Can we change our dietary habits?
Would I say I grew up in a ‘wholefoods’ house? Not really. Comparing it to today’s standards it was your typical Australian household of pantry staples purchased from Woolworths, fruit and veg from the grocer and meat from the butcher.
80’s Food Revolution
Back in the mid 1980’s when you walked into a butcher as a child you were handed a slice of bung fritz, yep I grew up in Adelaide. I’m not exactly sure what fritz is, I think its like a crab stick or a chiko roll, it tasted good (well at the time) so knowing what it was made from was basically unnecessary.
On a Saturday morning Mum and I would visit the French patisserie for coffee eclairs, vanilla slices and the occasional vol-au-vent. Dinners would be eaten at the table with Sale of the Century playing in the background and our meals wouldn’t be complete without a slice of white bread smothered in butter.
Party food was white bread with 100’s & 1000’s, meat pies, sausage rolls, cocktail sausages dipped in tomato sauce, jatz biscuits with cheese, cabana and viennetta frozen dessert not to mention a massive bowl of lollies. There was always a plate of fruit cut up but you definitely gravitated to the toffee apples before the fresh apple slices got a look in.
The 80’s saw a revolution of frozen foods however despite the odd frozen McCain Pizza sub, the only frozen foods we ate on a regular basis was frozen peas. The food that was cooked in our household was made from scratch; corned beef with mashed potatoes and a cheesy sauce, roast lamb with mint sauce, chops and salad, schnitzel with melted cheese, mac and cheese and spaghetti bolognaise. Dessert was generally ice-cream with stewed cherries when they were in season or ice magic or milo.
Breakfast was cereal typically corn flakes or weetbix with milk, white toast with vegemite, promite, creamed honey or golden syrup. Lunch was rarely purchased from the tuck shop, instead we would have a ham and cheese or egg and lettuce double cut roll or sandwich.
In my early teens is where I started to see a change my dietary habits. After 14 years of struggling to eat meat I made the bold decision to cut meat from my diet focussing on plant-based proteins such as sanitarium nut loaf, tofu and lentils. Vegetables also started to play a major role in my diet however this was not before cheese, refined carbs such as pasta and bread took centre stage.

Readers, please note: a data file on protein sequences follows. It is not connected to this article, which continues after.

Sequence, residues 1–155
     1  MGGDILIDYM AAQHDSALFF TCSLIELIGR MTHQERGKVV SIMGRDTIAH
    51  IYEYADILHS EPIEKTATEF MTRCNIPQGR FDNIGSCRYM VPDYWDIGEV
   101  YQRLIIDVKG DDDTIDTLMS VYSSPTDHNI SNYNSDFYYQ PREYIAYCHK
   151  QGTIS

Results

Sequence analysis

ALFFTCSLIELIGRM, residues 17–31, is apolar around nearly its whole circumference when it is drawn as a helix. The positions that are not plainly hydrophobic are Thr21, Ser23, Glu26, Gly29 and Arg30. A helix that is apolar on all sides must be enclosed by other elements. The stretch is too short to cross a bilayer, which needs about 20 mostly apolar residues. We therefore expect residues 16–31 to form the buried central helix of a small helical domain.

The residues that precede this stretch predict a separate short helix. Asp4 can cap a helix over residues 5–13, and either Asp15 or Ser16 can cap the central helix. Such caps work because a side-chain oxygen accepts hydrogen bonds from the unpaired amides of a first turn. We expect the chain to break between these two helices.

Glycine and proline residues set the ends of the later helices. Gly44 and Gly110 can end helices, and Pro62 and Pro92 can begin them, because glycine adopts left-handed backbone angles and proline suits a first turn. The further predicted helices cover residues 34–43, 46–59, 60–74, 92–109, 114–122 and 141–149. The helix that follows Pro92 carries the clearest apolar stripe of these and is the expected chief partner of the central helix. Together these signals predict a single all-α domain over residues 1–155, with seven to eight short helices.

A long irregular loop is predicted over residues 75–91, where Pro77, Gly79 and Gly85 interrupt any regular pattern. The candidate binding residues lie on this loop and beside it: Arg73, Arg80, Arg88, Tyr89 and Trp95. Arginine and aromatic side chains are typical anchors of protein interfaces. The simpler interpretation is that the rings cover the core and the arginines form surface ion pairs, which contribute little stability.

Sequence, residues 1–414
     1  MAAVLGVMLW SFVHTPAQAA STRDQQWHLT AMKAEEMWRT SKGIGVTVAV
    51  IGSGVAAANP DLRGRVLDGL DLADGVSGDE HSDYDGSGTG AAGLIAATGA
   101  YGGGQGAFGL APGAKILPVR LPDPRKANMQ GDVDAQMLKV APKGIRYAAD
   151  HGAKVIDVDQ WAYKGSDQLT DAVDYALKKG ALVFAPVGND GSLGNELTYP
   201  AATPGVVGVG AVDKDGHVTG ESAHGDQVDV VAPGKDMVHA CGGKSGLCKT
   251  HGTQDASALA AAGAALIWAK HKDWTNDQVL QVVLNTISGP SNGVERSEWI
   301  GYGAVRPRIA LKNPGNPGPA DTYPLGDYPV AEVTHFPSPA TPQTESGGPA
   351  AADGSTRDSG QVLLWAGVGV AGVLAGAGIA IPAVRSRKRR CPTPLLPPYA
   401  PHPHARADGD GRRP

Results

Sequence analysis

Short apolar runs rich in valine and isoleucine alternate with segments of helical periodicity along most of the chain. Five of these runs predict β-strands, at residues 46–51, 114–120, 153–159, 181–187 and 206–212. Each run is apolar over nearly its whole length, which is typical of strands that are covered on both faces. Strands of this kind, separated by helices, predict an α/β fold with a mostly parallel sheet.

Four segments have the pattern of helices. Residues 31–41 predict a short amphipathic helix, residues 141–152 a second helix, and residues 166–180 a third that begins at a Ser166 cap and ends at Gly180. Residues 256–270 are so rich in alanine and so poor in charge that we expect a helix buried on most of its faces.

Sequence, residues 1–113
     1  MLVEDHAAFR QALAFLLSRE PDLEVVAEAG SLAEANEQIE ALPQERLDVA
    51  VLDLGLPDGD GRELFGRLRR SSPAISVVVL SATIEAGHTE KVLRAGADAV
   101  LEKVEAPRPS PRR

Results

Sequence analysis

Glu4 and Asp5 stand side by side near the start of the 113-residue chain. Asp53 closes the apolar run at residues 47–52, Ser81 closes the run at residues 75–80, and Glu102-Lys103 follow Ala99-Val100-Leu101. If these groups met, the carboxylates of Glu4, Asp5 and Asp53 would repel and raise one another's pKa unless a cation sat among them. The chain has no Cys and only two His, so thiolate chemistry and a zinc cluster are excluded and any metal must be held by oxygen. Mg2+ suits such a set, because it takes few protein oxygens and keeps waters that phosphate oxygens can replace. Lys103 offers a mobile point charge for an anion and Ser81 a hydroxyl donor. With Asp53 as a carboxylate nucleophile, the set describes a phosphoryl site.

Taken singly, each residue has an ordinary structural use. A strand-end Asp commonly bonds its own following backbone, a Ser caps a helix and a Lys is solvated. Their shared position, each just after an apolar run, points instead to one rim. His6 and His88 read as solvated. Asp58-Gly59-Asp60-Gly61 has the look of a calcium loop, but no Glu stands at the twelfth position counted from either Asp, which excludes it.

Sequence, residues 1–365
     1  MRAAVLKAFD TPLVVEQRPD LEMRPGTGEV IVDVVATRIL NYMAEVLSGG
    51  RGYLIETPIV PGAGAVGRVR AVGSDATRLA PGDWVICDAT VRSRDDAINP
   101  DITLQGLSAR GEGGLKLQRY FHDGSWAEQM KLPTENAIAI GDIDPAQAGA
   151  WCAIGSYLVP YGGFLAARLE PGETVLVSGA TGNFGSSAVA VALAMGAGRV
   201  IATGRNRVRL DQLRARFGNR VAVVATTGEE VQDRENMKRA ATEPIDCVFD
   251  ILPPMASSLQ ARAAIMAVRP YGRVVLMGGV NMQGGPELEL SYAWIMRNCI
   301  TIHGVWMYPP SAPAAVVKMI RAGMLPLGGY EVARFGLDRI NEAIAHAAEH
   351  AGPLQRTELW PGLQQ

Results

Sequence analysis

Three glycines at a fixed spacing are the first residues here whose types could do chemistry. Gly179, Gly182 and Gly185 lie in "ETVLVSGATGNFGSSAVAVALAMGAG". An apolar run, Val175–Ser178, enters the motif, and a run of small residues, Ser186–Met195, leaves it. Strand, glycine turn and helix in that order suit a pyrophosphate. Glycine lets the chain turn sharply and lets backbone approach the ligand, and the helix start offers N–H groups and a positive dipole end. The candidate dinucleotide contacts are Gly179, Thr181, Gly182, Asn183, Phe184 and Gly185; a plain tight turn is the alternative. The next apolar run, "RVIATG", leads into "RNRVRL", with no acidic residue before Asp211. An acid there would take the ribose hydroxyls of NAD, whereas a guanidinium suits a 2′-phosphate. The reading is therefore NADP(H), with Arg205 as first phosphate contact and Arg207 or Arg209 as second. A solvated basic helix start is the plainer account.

As my knowledge of a vegetarian diet started to expand so did my pallet. I discovered new foods, new grocers, new cafes/restaurants and new ways to cook; experimentation is the best form of learning and developing.
I was constantly challenging my taste buds; discovering I did actually like olives and capers, dark leafy greens went with almost everything and avocado could be blended to make a smooth and creamy chocolate mousse. I also discovered that adopting a vegan/vegetarian diet meant you didn’t need to rely on canned protein meat alternatives such as nut loaf and tofu did taste good when you marinated it with flavours such as tamari, garlic, ginger and miso.
Change certainly didn’t happen overnight but when I consciously become aware of how to change, everything seemed to flow in the right direction. One step at a time.
Our food choices can be one of the hardest habits to change; we are heavily marketed products which aren’t necessarily beneficial to our health and wellness and the environment around us can also have an effect on the foods that end up in our pantry which can decide the health of us as individuals. The Australian Dietary Guidelines gives us the basic outline for a lifestyle diet we need to adopt for sound health and wellbeing. Noting the guideline still very much states animal products; meat, dairy and eggs need to play a role in your diet although we beg to differ on that one.
In order to make changes to your diet that are going to contribute towards better health and longevity; the key is to consume a diet rich in wholefoods which include seasonal organic fruit & vegetables, wholegrains, plant-based proteins such as legumes, beans and tofu and reducing your intake of highly processed and refined foods.
My wholefood household
Food takes us on an incredible journey and we can choose to be adventurous, expand our pallet and change our ways or we can stay stagnant and eat the way we know finding comfort in our past and family traditions.
The journey to change my diet took around 8 years; from carnivore to herbivore, conventional to organic/biodynamic and from supermarket to farmers market. My dietary and shopping habits now are quite different to how I grew up. I was intrigued by change, I dove straight in and today I happily thrive on a 100% plant-based vegan diet rich in locally sourced and grown produce where my pantry staples are purchased from local grocers who sell with integrity and passion.
In answer to the question, can we change our dietary habits? Indeed, we can.
Take a look back
When you look back on the foods you grew up with, which foods do you think about the most? And how vastly different are your food choices now to when you were growing up? Have you evolved or stayed the same?
Make the change
In the words of Michael Jackson:
I’m gonna make a change,
For once I’m my life
It’s gonna feel real good,
Gonna make a difference
Gonna make it right……
I’m starting with the man in the mirror
I’m asking him to change his ways
And no message could have been any clearer
If you want to make the world a better place
Take a look at yourself, and then make a change
Plant Positive Programs
If you find yourself staring at the wo(man) in the mirror looking to change your ways, sign up to one of our plant positive programs today.